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6.5 The package-inferred-system extension

Starting with release 3.1.2, ASDF supports a one-package-per-file style of programming, whereby each file is its own system, and dependencies are deduced from the defpackage form (or its variant uiop:define-package).

In this style, packages refer to a system with the same name (downcased); and if a system is defined with :class package-inferred-system, then system names that start with that name (using the slash / separator) refer to files under the filesystem hierarchy where the system is defined. For instance, if system my-lib is defined in /foo/bar/my-lib/my-lib.asd, then system my-lib/src/utility will be found in file /foo/bar/my-lib/src/utility.lisp.

This style was made popular by faslpath and quick-build before, and at the cost of a stricter package discipline, seems to make for more maintainable code. It is used by ASDF itself (starting with ASDF 3), by lisp-interface-library, and a few other libraries.

To use this style, choose a toplevel system name, e.g. my-lib, and create a file my-lib.asd with the :class :package-inferred-system option in its defsystem. For instance:

#-asdf3.1 (error "my-lib requires ASDF 3.1")
(defsystem "my-lib"
  :class :package-inferred-system
  :depends-on ("my-lib/interface/all"
  :in-order-to ((test-op (load-op "my-lib/test/all")))
  :perform (test-op (o c) (symbol-call :my-lib/test/all :test-suite)))

(defsystem "my-lib/test" :depends-on ("my-lib/test/all"))

(register-system-packages "my-lib/interface/all" '(:my-lib-interface))
(register-system-packages "my-lib/src/all" '(:my-lib-implementation))
(register-system-packages "my-lib/test/all" '(:my-lib-test))

 '(:c2mop :closer-common-lisp :c2cl :closer-common-lisp-user :c2cl-user))

In the code above, the first line checks that we are using ASDF 3.1, which provides package-inferred-system.

The function register-system-packages has to be called to register packages used or provided by your system and its components where the name of the system that provides the package is not the downcase of the package name.

Then, file interface/order.lisp under the lil hierarchy, that defines abstract interfaces for order comparisons, starts with the following form, dependencies being trivially computed from the :use and :mix clauses:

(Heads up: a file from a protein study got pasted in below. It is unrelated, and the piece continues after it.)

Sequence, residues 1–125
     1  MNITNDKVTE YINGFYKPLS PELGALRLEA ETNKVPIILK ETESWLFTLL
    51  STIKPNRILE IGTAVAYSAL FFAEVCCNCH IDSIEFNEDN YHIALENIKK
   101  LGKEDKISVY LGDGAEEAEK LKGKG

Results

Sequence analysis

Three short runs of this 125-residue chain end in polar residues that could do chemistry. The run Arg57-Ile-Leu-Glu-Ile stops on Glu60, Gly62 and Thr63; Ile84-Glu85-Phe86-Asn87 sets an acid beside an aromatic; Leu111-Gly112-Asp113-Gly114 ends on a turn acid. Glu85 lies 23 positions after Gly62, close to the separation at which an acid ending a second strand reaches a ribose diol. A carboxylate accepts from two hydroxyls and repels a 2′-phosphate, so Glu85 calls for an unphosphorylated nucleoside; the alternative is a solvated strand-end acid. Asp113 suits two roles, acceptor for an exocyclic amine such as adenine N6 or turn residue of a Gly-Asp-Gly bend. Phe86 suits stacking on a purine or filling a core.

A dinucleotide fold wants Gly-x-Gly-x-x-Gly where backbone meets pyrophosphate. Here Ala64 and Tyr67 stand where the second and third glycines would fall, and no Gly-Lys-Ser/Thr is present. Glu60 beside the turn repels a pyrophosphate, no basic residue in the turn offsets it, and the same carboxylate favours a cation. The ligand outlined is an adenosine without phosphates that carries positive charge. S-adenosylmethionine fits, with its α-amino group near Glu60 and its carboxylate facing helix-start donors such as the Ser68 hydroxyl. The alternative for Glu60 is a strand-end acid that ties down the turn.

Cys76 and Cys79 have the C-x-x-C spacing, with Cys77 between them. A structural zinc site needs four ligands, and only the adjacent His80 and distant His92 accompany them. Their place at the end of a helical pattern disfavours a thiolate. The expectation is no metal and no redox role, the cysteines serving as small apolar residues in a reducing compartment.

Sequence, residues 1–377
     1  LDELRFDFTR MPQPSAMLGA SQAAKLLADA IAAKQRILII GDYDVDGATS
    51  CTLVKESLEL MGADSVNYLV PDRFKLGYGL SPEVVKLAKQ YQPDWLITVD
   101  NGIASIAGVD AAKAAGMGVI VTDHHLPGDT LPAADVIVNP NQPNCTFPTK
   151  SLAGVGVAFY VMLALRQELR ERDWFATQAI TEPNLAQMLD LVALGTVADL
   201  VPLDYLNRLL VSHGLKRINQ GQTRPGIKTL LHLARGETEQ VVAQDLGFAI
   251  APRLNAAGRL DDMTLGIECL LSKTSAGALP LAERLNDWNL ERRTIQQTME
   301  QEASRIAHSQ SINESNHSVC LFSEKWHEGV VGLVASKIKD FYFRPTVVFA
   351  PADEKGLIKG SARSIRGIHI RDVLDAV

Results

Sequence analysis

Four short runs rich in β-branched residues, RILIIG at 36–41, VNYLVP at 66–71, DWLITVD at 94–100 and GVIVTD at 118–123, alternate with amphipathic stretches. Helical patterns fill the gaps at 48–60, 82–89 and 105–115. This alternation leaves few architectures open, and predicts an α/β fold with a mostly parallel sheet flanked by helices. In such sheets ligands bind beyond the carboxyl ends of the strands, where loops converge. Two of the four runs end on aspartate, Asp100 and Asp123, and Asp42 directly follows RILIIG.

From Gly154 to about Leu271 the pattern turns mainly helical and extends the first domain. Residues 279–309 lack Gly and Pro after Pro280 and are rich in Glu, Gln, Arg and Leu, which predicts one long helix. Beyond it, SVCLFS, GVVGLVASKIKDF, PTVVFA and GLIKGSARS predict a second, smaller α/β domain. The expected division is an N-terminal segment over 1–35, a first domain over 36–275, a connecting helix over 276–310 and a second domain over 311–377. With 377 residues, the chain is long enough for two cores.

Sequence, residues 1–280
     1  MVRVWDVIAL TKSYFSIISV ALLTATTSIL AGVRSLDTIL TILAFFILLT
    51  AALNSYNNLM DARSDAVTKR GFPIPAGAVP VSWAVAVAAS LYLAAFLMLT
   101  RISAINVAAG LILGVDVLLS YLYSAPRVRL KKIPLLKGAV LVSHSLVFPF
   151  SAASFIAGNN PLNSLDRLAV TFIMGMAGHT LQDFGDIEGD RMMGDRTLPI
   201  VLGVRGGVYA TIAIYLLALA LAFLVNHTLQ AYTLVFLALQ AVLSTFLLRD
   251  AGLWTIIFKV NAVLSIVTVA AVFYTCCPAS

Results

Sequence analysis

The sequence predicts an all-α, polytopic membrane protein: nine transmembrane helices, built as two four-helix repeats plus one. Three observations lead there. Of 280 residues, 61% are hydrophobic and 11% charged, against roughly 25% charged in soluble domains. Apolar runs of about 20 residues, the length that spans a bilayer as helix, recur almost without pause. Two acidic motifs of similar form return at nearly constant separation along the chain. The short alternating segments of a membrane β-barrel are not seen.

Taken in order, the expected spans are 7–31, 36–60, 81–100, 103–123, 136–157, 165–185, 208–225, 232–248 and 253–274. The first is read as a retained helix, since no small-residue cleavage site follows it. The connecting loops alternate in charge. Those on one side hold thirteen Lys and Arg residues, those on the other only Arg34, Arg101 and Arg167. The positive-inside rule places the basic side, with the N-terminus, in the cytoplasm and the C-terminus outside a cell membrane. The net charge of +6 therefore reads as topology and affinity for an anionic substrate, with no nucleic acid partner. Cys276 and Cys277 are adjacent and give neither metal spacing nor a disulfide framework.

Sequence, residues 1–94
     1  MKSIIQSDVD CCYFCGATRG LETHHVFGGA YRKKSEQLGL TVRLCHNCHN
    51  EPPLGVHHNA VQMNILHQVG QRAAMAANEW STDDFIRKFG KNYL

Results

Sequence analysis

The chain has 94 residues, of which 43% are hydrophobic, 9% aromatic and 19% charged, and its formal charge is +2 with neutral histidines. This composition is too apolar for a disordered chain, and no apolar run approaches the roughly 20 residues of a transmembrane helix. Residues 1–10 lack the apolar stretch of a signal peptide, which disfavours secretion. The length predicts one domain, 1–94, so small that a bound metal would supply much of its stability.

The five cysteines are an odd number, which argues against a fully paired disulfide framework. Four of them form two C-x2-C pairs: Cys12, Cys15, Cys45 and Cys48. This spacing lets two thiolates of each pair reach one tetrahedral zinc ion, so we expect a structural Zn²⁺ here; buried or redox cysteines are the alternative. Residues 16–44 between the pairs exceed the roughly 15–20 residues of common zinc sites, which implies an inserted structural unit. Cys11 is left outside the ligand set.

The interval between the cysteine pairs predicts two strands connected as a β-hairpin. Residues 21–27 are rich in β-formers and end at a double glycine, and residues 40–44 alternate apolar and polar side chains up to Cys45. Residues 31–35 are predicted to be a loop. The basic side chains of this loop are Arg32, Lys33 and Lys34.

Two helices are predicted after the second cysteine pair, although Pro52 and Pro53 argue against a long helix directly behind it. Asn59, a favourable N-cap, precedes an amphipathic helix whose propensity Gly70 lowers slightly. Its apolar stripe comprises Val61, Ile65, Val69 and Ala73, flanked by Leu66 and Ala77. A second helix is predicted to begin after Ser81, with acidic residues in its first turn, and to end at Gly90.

(uiop:define-package :lil/interface/order
  (:use :closer-common-lisp
   :lil/interface/eq :lil/interface/group)
  (:mix :fare-utils :uiop :alexandria)
  (:export ...))

ASDF can tell that this file depends on system closer-mop (registered above), lil/interface/definition, lil/interface/base, lil/interface/eq, and lil/interface/group (package and system names match, and they will be looked up hierarchically).

ASDF also detects dependencies from :import-from clauses. You may thus import a well-defined set of symbols from an existing package as loaded from suitably named system; or if you prefer to use any such symbol fully qualified by a package prefix, you may declare a dependency on such a package and its corresponding system via an :import-from clause with an empty list of symbols, as in:

(defpackage :foo/bar
  (:use :cl)
  (:import-from :foo/baz #:sym1 #:sym2)
  (:import-from :foo/quux)
  (:export ...))

The form uiop:define-package is supported as well as defpackage, and has many options that prove useful in this context, such as :use-reexport and :mix-reexport that allow for “inheritance” of symbols being exported.

Note that starting with ASDF only, ASDF will look for source files under the component-pathname as specified via the :pathname option, whereas earlier versions ignore this option and use the system-source-directory where the .asd file resides.

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